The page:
In many ways, it’s a Golden Age for children and play. There are more options – physical toys, games, digital devices and content – than ever before. There’s a downside to more play options though – too many choices make it harder to find high-quality toys ideally suited to a specific child’s needs, interests, and abilities.
While child development milestones haven’t changed, the context in which children grow, play, and learn has … radically. Kids go through the same physical, intellectual, and social/emotional stages as previous generations, but ubiquitous technology is still evolving. Moreover, it’s “additive:” balls, dolls, board games, and books didn’t disappear when digital devices arrived.
When I first began exploring this topic, my mind drifted to something I owned as a child – a toy telephone. Mine – in the sixties – was a rectangular box with a handset and rotary dial. In the 1970s, the toy got an updated touch-tone keypad. In the nineties kids played with plastic flip phones. A decade ago, the toy smartphone arrived, and today you can get a pretend smartwatch. Over 50 years, even with constant change of context, the toy’s timeless developmental function remained – to enable a child to imitate the adults in his or her life.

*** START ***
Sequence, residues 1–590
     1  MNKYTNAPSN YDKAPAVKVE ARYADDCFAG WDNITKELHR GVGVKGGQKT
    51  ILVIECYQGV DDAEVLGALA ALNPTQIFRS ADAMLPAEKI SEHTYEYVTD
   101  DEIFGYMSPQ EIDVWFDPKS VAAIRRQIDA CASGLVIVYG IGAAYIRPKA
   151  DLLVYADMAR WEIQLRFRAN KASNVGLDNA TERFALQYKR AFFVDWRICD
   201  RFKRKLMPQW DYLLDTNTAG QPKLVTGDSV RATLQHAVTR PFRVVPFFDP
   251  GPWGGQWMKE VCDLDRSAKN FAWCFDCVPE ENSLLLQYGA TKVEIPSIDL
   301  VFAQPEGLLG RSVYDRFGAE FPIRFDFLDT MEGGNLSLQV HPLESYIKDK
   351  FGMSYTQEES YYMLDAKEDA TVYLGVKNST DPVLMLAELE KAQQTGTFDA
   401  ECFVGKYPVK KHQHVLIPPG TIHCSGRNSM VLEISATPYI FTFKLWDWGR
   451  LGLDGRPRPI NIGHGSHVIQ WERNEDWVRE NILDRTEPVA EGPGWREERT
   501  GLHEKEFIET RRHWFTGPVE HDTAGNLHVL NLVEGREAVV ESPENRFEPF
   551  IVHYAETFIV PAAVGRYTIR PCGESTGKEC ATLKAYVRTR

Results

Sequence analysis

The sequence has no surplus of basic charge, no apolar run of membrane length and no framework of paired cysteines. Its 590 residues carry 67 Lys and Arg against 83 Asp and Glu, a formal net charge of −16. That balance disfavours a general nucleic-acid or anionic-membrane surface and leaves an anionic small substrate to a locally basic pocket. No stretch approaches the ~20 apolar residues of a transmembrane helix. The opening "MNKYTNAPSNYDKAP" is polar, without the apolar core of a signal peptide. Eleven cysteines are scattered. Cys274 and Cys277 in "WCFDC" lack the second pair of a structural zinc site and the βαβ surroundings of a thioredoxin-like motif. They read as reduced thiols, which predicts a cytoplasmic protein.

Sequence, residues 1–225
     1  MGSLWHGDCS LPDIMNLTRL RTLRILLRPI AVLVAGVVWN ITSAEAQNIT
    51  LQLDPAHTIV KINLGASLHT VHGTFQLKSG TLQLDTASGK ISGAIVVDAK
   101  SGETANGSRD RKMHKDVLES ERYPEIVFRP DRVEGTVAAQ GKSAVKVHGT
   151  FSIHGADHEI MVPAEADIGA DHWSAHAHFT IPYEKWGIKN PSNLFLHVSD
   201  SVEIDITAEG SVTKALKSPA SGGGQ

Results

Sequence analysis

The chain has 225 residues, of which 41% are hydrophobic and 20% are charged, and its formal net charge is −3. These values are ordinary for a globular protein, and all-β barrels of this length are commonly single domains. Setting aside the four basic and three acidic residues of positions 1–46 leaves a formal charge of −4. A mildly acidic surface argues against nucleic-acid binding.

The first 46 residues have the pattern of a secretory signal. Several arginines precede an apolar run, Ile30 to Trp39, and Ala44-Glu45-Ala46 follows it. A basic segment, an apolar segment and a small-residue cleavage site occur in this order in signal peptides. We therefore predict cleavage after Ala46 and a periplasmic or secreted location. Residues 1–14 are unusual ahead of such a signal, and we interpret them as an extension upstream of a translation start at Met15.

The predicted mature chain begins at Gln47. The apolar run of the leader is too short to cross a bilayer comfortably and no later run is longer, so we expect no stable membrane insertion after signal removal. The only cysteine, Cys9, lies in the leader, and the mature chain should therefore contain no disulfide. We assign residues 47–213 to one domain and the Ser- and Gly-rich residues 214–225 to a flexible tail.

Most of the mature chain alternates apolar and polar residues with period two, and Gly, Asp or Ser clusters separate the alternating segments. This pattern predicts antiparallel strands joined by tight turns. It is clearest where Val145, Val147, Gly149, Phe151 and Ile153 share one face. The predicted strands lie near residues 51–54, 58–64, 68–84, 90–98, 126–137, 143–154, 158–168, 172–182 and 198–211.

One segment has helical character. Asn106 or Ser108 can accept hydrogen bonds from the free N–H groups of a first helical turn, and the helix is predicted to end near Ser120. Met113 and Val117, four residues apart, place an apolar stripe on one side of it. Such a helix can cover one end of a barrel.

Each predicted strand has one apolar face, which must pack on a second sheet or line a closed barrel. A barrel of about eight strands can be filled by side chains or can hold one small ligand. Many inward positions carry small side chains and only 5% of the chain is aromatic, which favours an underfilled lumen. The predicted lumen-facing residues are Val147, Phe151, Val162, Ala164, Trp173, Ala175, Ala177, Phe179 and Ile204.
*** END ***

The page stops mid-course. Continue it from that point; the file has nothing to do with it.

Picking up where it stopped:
Even in a digital world, our research has found that it’s important to draw on classic play patterns that children have enjoyed for decades. These play patterns are innate and essential, so applying them – even to digital toys – results in products that are easy for children to understand and use.
Joan Almon, founder of the Alliance for Childhood, said that “the best toys are 90 percent child and 10 percent toy.” That’s a great guide when choosing a new plaything. What is the child’s contribution vs. the value that the toy (physical or digital) adds?
Here are some ways to look for classic play experiences when considering which digital toy or game to choose for your child:
- Does equipping a doll with technology change the way your child can play with it? Can the doll still be coddled, fed, and bathed? If the doll uses artificial intelligence to “communicate” with children, does the AI guide or restrict the conversation so much that it’s no longer spontaneous or imaginative?
- Does adding tech to a ball make it difficult to roll, throw or kick? If so, is it in fact still a ball?
- Does a digital board game make all the decisions so that the players are left watching the computer play?
- Is a screen-based construction app like a bottomless box of pieces with which the child can freely envision and create, or is building limited to a few pre-programmed models?
This article was published initially by the Toy Association as part of its Genius of Play campaign.
David Kleeman is senior vice president of global trends for Dubit, a research and strategy consultancy and digital studio devoted to children and families. David has worked in children’s media for 35 years.